When you want to get away from the hustle and bustle of the city — but not that far away — Hanna Park, which is adjacent to Mayport Naval Station, is ideal. The 300 campsites, including tent and RV spots as well as cabins, are in a shady, wooded area and offer laundry and shower facilities. The 1.5 miles of sandy beaches are the biggest selling point, but the 450-acre park also boasts hiking and biking trails and a freshwater lake great for fishing, kayaking and canoeing. — HL


Best Community Garden

Laura Street Community Garden, Springfield

With an orchard, a kids’ garden, 10 family garden plots, grapevines and bees, Laura Street Community Garden — the first to win in this category — is a bright green spot in a city increasingly enamored with gardening. On Oct. 19, the garden hosts a quarterly Cooking in Season class at The Floridian in St. Augustine. Ray Beeson, who keeps things growing smoothly, explained. “We have a local chef who uses only locally procured meats and produce, organic as well, and they make a dish or several dishes that are made from things that are ready right now, in season.” Yum. — CG


Best Golf Course

TPC Sawgrass Players Stadium Course

The Stadium Course regularly ranks as one of the best courses in Florida and the U.S. in Golf Digest and Golfweek. Its signature 17th hole with a tricky island green is arguably the most famous in the world. It’s also tough to beat the allure of playing the course that challenges the best players in the world every May at The Players Championship. But that thrill is costly: The average duffer can expect to pay between $250 and $450 to tee off on the Stadium Course, depending on the season. And remember — tip your caddy. — DJ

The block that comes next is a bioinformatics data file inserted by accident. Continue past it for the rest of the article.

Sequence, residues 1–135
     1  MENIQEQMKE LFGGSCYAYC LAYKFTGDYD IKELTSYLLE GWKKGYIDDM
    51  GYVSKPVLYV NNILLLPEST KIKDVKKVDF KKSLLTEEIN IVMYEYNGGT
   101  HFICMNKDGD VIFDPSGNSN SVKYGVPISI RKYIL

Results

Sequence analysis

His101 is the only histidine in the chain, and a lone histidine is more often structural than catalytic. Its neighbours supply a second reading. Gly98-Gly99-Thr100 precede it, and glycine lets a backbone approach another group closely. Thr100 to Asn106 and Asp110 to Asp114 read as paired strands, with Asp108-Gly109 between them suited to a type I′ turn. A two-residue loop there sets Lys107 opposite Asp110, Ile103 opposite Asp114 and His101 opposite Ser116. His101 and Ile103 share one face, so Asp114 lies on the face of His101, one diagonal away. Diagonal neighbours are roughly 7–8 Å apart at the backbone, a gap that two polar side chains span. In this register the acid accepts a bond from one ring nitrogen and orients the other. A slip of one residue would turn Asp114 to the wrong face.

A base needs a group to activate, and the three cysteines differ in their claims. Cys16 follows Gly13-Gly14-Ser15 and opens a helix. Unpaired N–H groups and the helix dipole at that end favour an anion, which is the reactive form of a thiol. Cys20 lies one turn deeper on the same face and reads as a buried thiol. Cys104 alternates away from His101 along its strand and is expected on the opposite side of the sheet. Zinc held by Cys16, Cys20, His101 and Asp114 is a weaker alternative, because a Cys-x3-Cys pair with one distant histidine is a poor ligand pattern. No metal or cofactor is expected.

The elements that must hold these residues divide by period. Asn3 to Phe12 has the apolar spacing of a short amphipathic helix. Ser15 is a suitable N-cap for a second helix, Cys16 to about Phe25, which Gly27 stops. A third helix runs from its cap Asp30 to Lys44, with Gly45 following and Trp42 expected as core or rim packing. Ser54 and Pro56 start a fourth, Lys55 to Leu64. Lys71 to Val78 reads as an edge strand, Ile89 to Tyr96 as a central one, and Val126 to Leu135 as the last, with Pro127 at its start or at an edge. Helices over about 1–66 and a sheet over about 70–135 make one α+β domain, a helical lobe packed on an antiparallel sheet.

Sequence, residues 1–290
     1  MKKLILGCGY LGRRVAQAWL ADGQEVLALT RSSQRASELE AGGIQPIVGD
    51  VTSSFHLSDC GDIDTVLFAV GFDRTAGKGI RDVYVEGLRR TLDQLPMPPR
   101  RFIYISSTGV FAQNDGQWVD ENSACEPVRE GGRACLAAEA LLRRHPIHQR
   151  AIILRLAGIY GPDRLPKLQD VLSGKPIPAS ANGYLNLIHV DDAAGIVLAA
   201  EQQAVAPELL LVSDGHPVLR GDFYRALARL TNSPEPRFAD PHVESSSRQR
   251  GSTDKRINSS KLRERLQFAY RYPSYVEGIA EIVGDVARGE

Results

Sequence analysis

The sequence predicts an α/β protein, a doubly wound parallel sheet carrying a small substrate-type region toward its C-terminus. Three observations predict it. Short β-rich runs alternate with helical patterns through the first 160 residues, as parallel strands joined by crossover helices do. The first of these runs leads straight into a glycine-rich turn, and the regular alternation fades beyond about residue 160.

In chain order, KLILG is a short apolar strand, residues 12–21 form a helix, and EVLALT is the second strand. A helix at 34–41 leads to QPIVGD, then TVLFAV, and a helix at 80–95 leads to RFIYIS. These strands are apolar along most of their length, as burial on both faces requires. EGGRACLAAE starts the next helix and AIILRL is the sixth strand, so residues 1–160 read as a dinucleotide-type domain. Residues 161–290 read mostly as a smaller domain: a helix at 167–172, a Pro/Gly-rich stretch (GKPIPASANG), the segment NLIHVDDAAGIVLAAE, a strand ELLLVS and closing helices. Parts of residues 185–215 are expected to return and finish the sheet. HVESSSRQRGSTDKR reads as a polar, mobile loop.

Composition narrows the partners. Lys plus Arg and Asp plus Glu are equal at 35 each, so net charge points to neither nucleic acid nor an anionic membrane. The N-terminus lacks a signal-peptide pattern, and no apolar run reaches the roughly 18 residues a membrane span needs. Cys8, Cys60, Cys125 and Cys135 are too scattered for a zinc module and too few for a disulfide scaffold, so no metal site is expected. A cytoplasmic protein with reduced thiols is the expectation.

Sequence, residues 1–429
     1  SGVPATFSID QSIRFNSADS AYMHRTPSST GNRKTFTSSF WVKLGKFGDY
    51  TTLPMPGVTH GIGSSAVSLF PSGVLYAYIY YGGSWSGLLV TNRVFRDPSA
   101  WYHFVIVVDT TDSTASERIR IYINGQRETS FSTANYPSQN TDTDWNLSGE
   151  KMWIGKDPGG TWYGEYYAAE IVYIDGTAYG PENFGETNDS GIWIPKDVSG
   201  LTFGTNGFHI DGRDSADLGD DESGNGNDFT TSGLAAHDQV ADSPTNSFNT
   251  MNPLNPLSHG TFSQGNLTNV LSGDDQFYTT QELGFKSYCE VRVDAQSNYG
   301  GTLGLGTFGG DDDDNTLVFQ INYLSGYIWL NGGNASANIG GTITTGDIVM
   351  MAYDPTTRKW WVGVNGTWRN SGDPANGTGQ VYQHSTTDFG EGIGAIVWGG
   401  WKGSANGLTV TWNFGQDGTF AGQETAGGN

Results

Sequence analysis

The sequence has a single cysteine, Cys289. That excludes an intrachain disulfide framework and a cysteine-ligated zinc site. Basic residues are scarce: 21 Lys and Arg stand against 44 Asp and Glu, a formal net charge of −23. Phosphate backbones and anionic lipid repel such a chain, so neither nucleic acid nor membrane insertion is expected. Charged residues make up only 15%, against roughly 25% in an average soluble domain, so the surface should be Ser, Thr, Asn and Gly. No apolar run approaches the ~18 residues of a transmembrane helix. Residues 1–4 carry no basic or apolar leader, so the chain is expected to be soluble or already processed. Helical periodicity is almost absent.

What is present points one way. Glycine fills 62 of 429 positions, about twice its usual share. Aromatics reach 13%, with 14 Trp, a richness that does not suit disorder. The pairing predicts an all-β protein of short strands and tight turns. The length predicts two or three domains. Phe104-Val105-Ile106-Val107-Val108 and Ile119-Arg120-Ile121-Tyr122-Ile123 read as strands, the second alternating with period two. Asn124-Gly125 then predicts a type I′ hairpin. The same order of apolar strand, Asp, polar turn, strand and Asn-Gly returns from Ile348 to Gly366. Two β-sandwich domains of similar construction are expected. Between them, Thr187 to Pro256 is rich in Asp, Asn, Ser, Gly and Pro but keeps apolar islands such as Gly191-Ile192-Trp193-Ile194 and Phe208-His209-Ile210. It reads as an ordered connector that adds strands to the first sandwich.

Best Park

Memorial Park

Centrally located in a commercial area on Riverside Avenue, Memorial Park is a coveted, urban green space amid a busy and growing neighborhood. The large, open, grassy area is often filled with picnickers, Frisbee enthusiasts and people playing ball with their kids. It’s also a great place for a jog, to admire the St. Johns River, and to walk your dog. Be sure to check out “Life,” the statue memorializing Floridians who died in World War I, and the bronze eagle statues guarding the park. — HL


Best Place to Canoe or Kayak

Guana River State Park

Northeast Florida has so much to offer, sometimes it’s hard to find the time to get away from it all. If you’re in need of a vacation from reality, the waters at Guana River State Park in Ponte Vedra Beach are an ideal place to kayak. After a few hours on the water watching shorebirds, alligators and fish frolic and hunt, and you won’t remember what you came to forget. Just be sure to bring cash for parking and check the tides before you launch. — CG


Best Skate Spot

Kona Skate Park

Between cellphones, video-game experiences so righteously realistic that you’d swear they draw blood and the almighty Internet, it can be a challenge to detach your gluteus from the couch maximus. But Kona Skate Park in Arlington has about 6 acres of reasons to helmet and knee-pad up and see if those muscles of yours are as near atrophy as the dimples in your forearms suggest. “Groms” (young skateboarders) have a chance to show off that double pop-shuvit late kickflip at the King of the Groms contest Oct. 24-27. — CG


Best Speed Trap

Butler Boulevard at Southside Boulevard

Unless you’re a bored traffic cop, calling this one a “best of” is a bit of a misnomer. After JTB’s speed limit was raised to a righteous 65 (finally!), some might have doubted it could have made it to the top of this list, but the drivers on John Turner Butler Boulevard, or Butler Boulevard or JTB or Florida State Road 202, or whatever else the city decides to call it – 9C perhaps? – have proved they won’t be satisfied until this short strip of highway does away with speed limits altogether, à la Autobahn. — CG